Baddeley’s Working Memory Model

To better understand working memory, Alan Baddeley developed the “working memory model”. According to Baddeley, the working memory is a system with several parts controlling the information being processed. Baddeley initially identified three main components, with a fourth (the episodic buffer) added some 25 years after its inception:

  • The phonological loop, which holds verbal and auditory information
  • The visuospatial sketch pad, which holds visual and spatial information
  • The central executive, which works with information and is responsible for updating and re-organising working memory to balance multiple goals and switch attention between different activities
  • The episodic buffer was added to explain the temporary integration of information gathered from the phonological loop, visuospatial sketchpad, and long-term memory. Its addition to the original model allowed a clearer connection to be made between working memory and long-term memory. This component is controlled by the central executive and transfers information into and out of the long-term memory.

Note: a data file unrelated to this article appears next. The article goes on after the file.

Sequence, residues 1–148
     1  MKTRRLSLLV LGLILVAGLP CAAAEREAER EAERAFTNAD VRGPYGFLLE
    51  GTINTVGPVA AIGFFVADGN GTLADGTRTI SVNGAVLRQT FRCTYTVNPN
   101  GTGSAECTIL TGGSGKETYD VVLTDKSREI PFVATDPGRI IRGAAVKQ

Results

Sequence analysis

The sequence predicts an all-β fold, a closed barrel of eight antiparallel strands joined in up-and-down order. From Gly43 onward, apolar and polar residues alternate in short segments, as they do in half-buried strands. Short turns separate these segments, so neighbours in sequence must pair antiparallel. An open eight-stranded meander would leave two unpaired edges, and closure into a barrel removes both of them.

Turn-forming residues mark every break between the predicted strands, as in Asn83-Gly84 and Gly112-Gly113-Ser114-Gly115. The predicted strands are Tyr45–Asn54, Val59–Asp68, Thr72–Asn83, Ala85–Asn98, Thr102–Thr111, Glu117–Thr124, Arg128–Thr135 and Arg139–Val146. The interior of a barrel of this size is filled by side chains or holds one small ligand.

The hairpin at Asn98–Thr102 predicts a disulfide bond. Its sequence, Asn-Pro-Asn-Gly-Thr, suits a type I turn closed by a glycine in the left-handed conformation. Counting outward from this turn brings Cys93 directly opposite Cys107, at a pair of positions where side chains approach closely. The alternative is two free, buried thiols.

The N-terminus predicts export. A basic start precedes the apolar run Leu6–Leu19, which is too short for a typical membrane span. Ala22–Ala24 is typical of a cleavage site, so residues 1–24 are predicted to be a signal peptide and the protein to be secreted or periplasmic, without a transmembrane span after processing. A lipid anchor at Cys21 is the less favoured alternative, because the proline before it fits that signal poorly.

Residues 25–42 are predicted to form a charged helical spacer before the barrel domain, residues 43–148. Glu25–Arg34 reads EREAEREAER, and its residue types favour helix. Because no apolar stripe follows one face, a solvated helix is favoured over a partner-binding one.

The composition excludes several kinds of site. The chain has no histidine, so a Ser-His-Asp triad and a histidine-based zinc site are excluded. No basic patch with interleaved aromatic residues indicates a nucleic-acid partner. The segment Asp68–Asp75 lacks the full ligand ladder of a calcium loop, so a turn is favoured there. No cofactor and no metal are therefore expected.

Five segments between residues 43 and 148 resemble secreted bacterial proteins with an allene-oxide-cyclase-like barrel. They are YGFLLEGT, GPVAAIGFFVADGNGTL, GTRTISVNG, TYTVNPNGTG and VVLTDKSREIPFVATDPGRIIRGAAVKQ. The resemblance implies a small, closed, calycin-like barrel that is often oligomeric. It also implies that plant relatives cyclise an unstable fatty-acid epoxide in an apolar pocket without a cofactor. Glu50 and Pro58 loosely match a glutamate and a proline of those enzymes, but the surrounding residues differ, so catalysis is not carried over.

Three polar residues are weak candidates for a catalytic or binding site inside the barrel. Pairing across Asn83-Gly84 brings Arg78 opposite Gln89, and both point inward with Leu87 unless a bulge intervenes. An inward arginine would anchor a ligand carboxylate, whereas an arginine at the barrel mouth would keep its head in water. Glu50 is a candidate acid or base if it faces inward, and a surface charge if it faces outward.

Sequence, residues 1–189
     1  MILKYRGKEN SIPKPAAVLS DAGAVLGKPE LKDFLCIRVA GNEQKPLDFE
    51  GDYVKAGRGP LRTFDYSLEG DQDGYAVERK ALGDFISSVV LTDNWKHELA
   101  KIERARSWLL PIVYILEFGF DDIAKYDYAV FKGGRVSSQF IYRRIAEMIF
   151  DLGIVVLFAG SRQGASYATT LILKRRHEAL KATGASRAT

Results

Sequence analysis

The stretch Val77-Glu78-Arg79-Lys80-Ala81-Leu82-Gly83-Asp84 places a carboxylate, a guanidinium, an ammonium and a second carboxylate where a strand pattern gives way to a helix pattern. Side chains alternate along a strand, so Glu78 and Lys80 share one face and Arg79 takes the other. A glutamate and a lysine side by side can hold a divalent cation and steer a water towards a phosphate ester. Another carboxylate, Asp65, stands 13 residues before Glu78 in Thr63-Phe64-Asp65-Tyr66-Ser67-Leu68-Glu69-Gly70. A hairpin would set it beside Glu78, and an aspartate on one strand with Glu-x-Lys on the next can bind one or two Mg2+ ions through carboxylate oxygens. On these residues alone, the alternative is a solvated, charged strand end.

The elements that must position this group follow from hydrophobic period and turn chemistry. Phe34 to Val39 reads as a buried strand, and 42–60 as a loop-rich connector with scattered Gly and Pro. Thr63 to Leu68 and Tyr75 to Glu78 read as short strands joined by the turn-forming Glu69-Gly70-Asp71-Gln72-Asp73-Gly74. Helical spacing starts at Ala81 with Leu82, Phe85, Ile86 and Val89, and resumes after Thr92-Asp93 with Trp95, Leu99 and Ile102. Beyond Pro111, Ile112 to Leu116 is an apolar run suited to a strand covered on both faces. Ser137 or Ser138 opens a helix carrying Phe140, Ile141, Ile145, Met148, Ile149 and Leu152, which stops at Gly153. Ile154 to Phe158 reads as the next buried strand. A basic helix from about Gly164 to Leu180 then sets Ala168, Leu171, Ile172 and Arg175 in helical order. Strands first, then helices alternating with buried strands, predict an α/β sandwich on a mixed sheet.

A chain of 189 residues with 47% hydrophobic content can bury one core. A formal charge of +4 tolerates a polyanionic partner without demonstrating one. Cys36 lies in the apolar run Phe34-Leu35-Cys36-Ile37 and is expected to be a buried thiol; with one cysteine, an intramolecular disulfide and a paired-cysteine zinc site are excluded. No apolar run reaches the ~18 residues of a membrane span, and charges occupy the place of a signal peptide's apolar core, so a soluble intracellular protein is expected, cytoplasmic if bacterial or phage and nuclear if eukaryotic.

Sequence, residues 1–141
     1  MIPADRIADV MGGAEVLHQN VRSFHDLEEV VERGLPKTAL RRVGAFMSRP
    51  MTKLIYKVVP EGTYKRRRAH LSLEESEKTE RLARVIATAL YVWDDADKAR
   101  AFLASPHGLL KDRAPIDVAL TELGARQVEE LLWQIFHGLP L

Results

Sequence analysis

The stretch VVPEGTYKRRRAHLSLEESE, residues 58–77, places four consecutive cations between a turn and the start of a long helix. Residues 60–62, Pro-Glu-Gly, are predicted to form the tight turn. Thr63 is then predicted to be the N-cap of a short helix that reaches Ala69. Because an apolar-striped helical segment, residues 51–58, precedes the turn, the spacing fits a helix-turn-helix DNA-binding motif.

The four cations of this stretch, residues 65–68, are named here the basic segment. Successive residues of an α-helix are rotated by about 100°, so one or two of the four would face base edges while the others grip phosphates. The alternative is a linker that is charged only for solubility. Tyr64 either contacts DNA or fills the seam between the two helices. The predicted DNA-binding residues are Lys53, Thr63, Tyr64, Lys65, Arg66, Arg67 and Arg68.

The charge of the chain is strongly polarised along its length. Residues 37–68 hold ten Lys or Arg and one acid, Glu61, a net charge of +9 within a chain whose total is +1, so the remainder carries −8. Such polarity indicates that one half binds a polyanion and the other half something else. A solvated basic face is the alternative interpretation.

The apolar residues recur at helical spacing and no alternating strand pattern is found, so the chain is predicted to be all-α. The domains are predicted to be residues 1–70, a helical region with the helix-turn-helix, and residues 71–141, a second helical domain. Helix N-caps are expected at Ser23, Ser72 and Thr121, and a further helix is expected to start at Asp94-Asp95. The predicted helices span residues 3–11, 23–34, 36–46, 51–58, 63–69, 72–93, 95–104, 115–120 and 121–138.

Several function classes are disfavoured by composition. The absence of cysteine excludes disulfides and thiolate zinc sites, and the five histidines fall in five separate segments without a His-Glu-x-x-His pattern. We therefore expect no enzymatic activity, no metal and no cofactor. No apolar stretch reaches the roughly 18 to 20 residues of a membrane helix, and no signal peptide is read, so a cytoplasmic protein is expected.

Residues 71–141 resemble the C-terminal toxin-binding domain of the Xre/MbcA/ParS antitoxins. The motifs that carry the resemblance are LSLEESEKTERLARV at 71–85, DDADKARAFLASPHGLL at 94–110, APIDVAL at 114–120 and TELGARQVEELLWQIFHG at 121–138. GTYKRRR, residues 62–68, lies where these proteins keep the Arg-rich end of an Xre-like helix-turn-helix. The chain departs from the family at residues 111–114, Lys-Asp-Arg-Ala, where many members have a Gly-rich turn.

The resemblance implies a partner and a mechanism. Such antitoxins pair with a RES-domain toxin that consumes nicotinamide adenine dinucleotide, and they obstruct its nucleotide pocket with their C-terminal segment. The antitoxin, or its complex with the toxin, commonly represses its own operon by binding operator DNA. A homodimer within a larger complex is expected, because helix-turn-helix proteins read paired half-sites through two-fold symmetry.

Figure 2.4.2. The four main elements of Baddley’s Model of Working Memory by K. Perry used under a CC BY 4.0 licence

To learn more about the working memory and its components, watch the following 7-minute video: Working Memory (Test + Examples):

As noted in the video, it is assumed that each component of the working memory has a limited capacity and is largely independent of the others. The visual sketch pad is not affected by the phonological loop and vice versa. We can draw some conclusions for conflict management from knowledge about the working memory. For example, when parties need to process a lot of information at once, such as in a multi-issue, multiparty negotiation, it may be advised to present some information visually, rather than verbally to relieve the phonological loop. For example, a mediator may draw the outline of houses, fences and trees concerned in a neighbourhood dispute on a whiteboard.

Key Reading

Alexander et al., (2015), pp. 159-162: Making the most of memory to explore how knowledge about memory may help prepare for and conduct a negotiation.

There are many ways we can get information from the working memory into our long-term memory. If you need to remember a phone number to use in the future, you are likely to engage in the processes of encoding, storing and retrieval of information. Encoding happens when you initially memorise the number. Storing refers to maintaining the memory of the number over time, e.g., by rehearsing it.  The process of retrieving the number when you finally need to use it is known as ‘retrieval’.